Ishmael goes back to the Spouter-Inn and finds Queequeg already there, sitting by the fire, carving the lines on the face of his sacred wooden statue a little deeper.
When Ishmael comes in, Queequeg puts the statue away and picks up a book. He can’t read the book, but he counts the pages in groups of 50 and seems amazed at how long it is.
Ishmael watches Queequeg with interest and decides the Queequeg may be a "savage" but is also "a simple honest heart" (10.3).
According to Ishmael, Queequeg looks a little bit like the popular image of George Washington, at least in the shape of his head.
Ishmael is a little bit confused that Queequeg doesn’t acknowledge him at all, especially considering that they shared a bed last night.
However, he decides that Queequeg’s indifference is a little bit noble; even though he’s a long way from home, he seems content just to be himself and doesn’t need to make friends everywhere he goes.
As Ishmael sits watching Queequeg he feels "a melting" in his heart and decides that he will "try a pagan friend ...since Christian kindness has proved but hollow courtesy" (10.5).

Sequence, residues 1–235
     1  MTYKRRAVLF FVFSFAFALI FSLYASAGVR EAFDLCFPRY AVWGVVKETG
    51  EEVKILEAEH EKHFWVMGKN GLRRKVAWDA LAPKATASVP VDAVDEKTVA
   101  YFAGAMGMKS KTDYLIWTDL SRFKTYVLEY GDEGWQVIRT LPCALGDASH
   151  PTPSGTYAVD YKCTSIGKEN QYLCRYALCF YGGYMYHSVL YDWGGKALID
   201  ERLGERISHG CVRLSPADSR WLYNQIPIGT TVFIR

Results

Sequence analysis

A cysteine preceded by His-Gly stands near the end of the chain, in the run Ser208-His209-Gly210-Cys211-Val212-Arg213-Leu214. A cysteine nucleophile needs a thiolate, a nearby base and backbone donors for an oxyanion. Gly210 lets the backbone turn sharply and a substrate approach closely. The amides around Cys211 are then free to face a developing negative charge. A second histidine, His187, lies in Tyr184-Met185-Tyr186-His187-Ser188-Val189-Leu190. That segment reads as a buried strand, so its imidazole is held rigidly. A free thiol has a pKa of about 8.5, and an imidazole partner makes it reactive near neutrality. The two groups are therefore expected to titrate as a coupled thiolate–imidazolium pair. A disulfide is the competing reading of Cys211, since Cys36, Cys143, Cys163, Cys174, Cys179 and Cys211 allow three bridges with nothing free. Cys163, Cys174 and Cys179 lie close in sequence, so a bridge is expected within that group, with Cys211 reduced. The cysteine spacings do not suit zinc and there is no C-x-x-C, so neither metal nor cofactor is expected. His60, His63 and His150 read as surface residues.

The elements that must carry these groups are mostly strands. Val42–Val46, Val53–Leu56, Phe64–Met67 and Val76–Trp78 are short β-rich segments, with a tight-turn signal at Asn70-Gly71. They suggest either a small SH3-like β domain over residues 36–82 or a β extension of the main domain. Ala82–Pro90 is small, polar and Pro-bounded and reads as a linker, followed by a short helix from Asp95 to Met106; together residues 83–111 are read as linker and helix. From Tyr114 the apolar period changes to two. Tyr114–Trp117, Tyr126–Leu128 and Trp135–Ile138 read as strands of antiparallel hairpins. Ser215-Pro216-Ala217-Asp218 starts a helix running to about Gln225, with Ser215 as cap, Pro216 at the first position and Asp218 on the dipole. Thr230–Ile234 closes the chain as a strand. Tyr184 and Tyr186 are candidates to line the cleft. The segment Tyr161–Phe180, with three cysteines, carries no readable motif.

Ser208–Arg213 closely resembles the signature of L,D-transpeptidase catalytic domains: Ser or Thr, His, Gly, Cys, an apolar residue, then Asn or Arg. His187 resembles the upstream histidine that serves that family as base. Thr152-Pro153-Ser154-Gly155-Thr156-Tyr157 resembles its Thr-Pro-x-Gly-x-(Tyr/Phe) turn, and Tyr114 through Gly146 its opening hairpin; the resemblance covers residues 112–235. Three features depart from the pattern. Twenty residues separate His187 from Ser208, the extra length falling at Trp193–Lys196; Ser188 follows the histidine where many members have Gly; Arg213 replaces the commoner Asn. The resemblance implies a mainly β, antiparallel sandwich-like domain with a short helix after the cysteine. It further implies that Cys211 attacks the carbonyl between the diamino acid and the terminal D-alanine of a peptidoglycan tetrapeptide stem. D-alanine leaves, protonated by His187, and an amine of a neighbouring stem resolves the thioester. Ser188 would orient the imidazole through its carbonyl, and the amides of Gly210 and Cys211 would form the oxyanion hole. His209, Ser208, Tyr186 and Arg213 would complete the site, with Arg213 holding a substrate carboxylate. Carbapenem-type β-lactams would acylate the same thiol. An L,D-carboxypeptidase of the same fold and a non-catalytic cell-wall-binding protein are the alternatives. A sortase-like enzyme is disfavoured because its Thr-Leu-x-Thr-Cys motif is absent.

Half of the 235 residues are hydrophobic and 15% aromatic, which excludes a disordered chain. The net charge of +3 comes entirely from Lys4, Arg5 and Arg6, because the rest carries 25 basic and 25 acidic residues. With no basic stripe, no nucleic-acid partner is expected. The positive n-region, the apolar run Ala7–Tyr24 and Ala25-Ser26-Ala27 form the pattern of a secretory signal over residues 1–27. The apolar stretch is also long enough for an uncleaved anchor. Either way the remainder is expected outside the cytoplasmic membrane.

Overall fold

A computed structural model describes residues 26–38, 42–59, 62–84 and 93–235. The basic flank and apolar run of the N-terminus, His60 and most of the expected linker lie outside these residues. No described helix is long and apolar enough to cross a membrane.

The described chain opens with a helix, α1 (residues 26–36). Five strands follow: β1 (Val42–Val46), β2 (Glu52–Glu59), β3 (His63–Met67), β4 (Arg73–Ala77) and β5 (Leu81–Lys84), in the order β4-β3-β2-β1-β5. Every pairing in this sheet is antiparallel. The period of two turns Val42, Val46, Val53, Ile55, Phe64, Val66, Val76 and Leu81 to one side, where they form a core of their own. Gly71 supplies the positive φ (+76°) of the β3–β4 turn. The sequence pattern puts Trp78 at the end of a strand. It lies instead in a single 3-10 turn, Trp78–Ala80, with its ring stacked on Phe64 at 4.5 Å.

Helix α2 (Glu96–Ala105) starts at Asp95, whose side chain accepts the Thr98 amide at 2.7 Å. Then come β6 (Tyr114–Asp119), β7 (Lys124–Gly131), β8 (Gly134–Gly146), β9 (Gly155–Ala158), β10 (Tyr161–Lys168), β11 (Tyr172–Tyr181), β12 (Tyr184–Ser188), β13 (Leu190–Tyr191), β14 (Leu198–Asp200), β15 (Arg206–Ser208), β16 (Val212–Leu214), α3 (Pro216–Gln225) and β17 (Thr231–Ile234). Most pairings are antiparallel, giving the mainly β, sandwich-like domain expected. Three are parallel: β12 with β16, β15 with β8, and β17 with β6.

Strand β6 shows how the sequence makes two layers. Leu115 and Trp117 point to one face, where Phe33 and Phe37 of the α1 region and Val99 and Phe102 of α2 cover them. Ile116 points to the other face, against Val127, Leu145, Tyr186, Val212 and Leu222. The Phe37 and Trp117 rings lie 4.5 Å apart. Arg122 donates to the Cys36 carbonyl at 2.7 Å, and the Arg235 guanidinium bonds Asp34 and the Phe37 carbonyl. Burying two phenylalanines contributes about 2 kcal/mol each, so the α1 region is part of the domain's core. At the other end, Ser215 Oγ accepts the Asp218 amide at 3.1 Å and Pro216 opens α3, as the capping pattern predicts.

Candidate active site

Somehow, knowing Queequeg makes Ishmael feel better about the whole world.
Ishmael tries to explain the book to Queequeg, and then they chat about the town and share a pipe of tobacco.
After they finish smoking, Queequeg hugs Ishmael to him and says that they are "married" (10.7).
Ishmael tells the reader that this means they are "bosom friends" who would die for each other, but there may be more to it than that (10.7).
After supper, Ishmael and Queequeg go back to their room. Queequeg gives Ishmael the embalmed head and then takes out all his money and gives half of it to Ishmael. (Apparently, they’re going to share everything equally!).
Next, Queequeg tries to get Ishmael to worship the statue with him.
Ishmael thinks about this for a little while, since he doesn’t want to go against the will of God by worshipping an idol.
In the end, Ishmael agrees to kneel before the statue with Queequeg after all, because he decides that God can’t really be jealous of a little piece of wood.
Furthermore, Ishmael decides, if he wants Queequeg to participate in Ishmael’s own Presbyterian worship, he should observe Queequeg’s form of worship, too.
Ishmael and Queequeg go to bed and have a cozy little chat before they fall asleep.